North American Indian childhood cirrhosis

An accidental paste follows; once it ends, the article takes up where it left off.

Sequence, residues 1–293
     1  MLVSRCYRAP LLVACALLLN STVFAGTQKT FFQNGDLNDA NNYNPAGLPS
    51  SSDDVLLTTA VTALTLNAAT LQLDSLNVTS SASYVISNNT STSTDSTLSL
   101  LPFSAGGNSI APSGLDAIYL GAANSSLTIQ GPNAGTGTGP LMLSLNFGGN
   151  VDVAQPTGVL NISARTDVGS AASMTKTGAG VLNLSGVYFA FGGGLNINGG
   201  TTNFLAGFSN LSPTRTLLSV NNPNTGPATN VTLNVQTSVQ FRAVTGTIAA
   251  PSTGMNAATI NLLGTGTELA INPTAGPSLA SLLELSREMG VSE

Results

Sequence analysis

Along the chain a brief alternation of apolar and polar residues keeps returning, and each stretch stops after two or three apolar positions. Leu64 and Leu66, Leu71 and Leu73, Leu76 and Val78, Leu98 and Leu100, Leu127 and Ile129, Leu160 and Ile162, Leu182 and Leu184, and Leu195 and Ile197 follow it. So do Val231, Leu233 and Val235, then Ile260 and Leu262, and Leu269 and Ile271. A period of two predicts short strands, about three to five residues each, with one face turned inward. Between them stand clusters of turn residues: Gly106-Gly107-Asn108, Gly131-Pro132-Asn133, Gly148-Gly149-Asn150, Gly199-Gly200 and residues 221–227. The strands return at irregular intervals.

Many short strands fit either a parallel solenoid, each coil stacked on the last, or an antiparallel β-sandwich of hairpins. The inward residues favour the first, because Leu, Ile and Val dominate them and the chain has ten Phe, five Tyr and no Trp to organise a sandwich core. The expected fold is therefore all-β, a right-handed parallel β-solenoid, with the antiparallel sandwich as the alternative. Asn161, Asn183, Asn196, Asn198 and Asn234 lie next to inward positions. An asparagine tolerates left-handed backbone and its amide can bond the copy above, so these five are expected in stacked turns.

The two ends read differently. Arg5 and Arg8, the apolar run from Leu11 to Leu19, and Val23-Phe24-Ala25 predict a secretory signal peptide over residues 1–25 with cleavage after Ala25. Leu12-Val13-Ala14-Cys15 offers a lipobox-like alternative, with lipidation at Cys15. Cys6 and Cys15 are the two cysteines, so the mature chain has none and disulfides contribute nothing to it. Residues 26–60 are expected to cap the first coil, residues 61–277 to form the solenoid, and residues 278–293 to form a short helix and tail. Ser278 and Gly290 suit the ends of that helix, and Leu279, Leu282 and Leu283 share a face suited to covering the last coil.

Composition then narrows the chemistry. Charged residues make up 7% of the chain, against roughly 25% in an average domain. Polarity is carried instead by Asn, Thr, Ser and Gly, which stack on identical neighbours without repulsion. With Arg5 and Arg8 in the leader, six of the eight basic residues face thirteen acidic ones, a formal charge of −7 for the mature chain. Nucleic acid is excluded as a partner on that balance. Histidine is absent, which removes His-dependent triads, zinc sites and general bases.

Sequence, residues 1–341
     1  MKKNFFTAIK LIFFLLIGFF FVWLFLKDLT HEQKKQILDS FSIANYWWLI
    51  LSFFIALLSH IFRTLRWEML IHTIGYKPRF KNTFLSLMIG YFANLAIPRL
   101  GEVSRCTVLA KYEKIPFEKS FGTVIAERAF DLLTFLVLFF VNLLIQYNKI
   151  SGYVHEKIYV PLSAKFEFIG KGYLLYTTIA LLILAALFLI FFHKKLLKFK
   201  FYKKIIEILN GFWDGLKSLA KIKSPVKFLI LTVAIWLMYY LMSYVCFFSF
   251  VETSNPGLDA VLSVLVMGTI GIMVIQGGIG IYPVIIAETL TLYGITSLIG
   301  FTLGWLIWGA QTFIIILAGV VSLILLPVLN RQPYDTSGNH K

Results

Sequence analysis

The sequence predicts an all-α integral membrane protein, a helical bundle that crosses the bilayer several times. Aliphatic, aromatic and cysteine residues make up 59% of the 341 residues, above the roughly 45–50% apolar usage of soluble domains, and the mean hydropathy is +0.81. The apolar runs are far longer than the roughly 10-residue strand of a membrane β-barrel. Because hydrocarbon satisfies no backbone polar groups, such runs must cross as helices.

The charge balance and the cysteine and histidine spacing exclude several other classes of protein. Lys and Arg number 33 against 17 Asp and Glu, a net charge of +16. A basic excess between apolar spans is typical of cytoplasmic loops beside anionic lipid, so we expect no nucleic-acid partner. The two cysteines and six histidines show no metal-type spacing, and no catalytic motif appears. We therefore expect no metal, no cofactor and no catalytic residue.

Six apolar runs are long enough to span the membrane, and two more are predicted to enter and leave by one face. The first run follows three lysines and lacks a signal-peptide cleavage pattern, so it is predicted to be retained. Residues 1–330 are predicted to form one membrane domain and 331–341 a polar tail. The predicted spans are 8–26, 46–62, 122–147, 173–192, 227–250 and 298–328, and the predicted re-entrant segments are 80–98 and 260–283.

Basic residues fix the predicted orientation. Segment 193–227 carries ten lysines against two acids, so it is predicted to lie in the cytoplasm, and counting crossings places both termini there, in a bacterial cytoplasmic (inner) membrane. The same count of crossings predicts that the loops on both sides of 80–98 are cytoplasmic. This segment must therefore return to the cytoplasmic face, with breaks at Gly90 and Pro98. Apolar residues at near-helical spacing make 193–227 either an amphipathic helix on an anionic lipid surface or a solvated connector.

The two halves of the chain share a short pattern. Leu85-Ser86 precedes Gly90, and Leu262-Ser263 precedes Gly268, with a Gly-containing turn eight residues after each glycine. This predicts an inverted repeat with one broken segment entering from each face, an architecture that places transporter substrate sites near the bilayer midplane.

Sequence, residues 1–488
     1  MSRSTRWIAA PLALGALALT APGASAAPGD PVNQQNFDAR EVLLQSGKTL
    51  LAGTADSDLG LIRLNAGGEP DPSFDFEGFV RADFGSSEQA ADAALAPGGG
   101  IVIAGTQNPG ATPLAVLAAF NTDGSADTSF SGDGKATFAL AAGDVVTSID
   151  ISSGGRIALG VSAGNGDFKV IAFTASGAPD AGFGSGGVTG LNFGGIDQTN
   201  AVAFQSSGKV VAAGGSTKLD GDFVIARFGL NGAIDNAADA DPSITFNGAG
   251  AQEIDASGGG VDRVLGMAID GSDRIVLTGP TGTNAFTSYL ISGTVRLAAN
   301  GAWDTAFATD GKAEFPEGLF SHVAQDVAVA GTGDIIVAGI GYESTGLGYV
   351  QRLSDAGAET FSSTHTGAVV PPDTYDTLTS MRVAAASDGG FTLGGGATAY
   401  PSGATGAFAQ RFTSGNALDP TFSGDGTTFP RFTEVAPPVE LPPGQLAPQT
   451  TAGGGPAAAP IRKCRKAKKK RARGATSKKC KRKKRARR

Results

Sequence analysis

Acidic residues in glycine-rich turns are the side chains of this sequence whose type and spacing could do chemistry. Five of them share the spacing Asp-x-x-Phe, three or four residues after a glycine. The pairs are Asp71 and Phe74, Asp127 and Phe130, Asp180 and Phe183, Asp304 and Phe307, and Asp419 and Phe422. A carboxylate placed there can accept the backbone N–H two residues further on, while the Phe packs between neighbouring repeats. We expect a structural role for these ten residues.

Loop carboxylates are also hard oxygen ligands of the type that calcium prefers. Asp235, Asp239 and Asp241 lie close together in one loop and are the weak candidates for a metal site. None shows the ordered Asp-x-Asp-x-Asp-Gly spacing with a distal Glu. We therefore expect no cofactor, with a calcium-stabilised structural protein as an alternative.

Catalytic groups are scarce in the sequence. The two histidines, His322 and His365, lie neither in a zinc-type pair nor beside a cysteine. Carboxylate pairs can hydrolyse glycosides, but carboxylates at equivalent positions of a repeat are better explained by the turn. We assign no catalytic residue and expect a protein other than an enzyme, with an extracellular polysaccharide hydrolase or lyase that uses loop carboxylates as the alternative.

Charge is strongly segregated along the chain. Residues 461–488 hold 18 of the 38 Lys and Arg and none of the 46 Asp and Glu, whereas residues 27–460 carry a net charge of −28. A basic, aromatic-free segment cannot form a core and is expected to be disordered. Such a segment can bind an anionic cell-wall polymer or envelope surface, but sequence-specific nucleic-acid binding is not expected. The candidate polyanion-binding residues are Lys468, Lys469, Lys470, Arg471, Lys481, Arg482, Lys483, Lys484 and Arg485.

Severe autosomal recessive intrahepatic cholestasis, originally described in Ojibway-Cree children from northwestern Quebec. NAIC typically presents with transient neonatal jaundice, in a child who is otherwise healthy, and progresses to biliary cirrhosis and portal hypertension. Biochemical and histopathological features suggest involvement of the bile ducts rather than of the bile canaliculi. They include elevated gamma glutamyltransferase and alkaline phosphatase levels, and, typically, marked fibrosis around bile ducts. Clinically, NAIC is distinct from other nonsyndromic familial cholestases because of its marked cholangiopathic features and severe degree of fibrosis on liver histology.
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